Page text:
For that to happen, it is essential that we have an ambulance service that is designed to cope with weather conditions, in Orkney in this case, day and night, summer and winter. It is clear—and it was predicted—that the Inverness-based EC 135 helicopter alone cannot provide that service. The limitations of the helicopter were set out in detail during last year's debate—in colourful and
The issue is about more than just the relative capabilities of types of aircraft. Orkney weather changes fast, as I well know, but a Kirkwall-based pilot who is familiar with the weather patterns can make use of short weather windows, whereas an Inverness-based pilot cannot. An Inverness-based pilot might be prevented from flying by weather to the south of Orkney, which would not affect a Kirkwall-based pilot. Today's motion gives an example of just that vital point. On a day when the helicopter could not reach Papa Westray, an Islander, on its scheduled flight in the north isles, was able to use short weather windows to get in and out of the island safely, and it got the elderly patient to hospital.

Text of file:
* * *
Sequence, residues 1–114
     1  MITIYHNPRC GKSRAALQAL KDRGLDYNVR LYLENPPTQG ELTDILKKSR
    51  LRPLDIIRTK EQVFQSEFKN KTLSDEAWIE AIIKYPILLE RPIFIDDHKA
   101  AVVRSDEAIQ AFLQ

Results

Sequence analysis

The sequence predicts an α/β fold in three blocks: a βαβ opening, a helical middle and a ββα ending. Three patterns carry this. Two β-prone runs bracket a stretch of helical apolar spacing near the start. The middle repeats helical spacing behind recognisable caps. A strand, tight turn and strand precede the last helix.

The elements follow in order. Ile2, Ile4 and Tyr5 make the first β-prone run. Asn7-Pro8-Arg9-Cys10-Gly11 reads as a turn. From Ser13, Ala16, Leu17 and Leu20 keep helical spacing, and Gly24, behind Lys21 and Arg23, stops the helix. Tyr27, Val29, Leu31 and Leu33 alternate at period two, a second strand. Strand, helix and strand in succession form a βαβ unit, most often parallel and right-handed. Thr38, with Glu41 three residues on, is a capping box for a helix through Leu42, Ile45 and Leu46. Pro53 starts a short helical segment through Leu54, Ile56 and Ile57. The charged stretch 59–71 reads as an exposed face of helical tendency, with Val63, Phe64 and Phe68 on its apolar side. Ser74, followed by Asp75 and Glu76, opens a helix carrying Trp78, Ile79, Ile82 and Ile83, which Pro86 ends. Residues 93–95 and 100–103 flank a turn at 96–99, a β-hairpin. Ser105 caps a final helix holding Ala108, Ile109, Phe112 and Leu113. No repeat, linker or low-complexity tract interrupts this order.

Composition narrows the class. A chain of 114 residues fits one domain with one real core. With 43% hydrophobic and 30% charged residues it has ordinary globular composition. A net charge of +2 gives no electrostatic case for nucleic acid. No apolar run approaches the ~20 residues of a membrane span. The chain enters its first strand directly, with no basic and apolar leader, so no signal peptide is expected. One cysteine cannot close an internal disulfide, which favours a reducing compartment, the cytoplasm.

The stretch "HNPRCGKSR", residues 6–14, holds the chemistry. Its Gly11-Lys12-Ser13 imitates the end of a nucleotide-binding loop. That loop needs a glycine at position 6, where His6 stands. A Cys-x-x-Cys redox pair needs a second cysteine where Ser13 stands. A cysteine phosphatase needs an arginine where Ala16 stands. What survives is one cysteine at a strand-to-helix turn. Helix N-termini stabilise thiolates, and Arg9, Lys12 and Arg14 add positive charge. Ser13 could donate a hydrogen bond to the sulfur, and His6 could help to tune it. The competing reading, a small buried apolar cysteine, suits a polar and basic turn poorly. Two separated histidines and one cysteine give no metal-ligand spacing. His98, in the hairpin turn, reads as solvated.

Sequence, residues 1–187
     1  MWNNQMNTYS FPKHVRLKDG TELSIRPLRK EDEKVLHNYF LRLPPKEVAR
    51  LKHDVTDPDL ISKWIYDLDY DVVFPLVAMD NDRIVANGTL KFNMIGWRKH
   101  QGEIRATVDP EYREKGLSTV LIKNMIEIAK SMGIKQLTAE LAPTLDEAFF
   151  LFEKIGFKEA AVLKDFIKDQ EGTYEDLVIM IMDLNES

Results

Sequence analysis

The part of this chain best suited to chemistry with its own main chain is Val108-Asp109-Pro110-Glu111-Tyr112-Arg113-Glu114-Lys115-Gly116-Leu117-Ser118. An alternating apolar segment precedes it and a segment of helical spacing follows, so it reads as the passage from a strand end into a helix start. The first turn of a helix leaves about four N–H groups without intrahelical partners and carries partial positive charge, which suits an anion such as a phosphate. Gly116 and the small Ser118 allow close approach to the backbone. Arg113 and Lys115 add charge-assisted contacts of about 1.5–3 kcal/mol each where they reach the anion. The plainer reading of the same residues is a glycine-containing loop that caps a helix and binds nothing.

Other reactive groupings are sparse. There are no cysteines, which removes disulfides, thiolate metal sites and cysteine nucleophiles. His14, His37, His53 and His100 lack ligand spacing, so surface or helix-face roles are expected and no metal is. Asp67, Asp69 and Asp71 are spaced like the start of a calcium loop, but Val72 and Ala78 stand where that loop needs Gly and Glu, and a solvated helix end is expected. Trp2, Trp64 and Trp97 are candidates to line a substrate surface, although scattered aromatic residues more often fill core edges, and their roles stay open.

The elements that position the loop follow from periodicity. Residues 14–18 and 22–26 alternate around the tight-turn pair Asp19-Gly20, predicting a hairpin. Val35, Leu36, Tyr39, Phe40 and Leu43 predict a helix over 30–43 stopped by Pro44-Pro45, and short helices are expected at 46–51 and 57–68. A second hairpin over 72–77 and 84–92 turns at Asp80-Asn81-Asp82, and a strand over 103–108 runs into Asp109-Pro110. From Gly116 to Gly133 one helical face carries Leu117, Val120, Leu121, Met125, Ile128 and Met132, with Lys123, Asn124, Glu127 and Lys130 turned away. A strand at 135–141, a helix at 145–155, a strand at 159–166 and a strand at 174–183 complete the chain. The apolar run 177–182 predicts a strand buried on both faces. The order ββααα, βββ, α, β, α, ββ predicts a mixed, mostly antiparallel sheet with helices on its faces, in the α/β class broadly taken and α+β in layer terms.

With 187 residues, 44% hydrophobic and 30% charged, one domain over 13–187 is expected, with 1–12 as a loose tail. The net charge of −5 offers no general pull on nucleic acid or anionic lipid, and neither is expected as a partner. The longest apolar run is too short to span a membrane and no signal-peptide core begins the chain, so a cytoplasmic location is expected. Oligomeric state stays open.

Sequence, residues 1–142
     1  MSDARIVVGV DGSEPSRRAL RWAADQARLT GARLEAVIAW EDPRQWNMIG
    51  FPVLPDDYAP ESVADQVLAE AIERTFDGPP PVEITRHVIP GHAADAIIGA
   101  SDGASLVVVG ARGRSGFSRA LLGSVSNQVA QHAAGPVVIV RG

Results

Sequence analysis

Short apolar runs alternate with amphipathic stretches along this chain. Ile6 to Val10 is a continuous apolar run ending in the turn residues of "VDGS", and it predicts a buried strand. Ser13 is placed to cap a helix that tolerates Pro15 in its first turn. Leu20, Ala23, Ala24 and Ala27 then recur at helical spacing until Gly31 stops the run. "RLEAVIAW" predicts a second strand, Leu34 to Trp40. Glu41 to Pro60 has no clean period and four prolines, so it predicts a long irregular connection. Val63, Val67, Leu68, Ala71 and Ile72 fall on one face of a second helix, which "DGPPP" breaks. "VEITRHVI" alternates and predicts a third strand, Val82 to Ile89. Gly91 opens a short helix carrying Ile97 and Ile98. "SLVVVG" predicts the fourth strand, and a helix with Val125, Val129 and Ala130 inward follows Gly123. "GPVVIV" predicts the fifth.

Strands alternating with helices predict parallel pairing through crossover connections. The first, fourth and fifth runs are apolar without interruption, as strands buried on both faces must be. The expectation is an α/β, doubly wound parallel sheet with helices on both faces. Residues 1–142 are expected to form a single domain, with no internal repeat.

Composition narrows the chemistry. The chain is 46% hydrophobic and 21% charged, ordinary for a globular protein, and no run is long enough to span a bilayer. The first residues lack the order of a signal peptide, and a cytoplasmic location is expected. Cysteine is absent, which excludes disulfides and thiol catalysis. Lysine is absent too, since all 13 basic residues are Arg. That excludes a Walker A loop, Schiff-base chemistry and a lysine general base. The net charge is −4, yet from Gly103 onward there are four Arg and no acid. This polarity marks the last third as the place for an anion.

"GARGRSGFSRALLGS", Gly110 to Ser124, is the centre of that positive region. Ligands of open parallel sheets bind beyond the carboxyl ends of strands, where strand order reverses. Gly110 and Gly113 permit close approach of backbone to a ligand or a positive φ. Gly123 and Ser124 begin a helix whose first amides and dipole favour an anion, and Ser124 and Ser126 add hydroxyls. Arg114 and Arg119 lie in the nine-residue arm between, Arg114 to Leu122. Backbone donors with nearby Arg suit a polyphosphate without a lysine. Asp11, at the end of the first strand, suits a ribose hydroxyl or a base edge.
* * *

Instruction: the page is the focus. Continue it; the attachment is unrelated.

Although the issue remains the same as it was when Jim Wallace secured his debate last year, there has been a significant change over the intervening months. Since that time, the communities that are affected have completely lost confidence in the service. I am well aware of that, having visited and spoken to constituents in each of the outlying islands. The issue was reflected starkly in a recent petition, which attracted more than 1,200 signatures from across the north isles—a staggering figure considering the overall population of the islands. It is a message that the convener of Orkney Islands Council, Stephen Hagan, and I passed on, along with the petition, to the new chief executive of the Scottish Ambulance Service, Kevin Doran, when we met him last week.
Emotions are running high, and it is not difficult to see why. The communities on those islands are tight communities, but they feel vulnerable. Islanders see at first hand the risks to themselves, to their families and to their friends and neighbours. They also recognise the difficulties with attracting people to and retaining them on the islands. The issue goes well beyond emergency health provision; it challenges the fundamental economic and social viability of small island communities.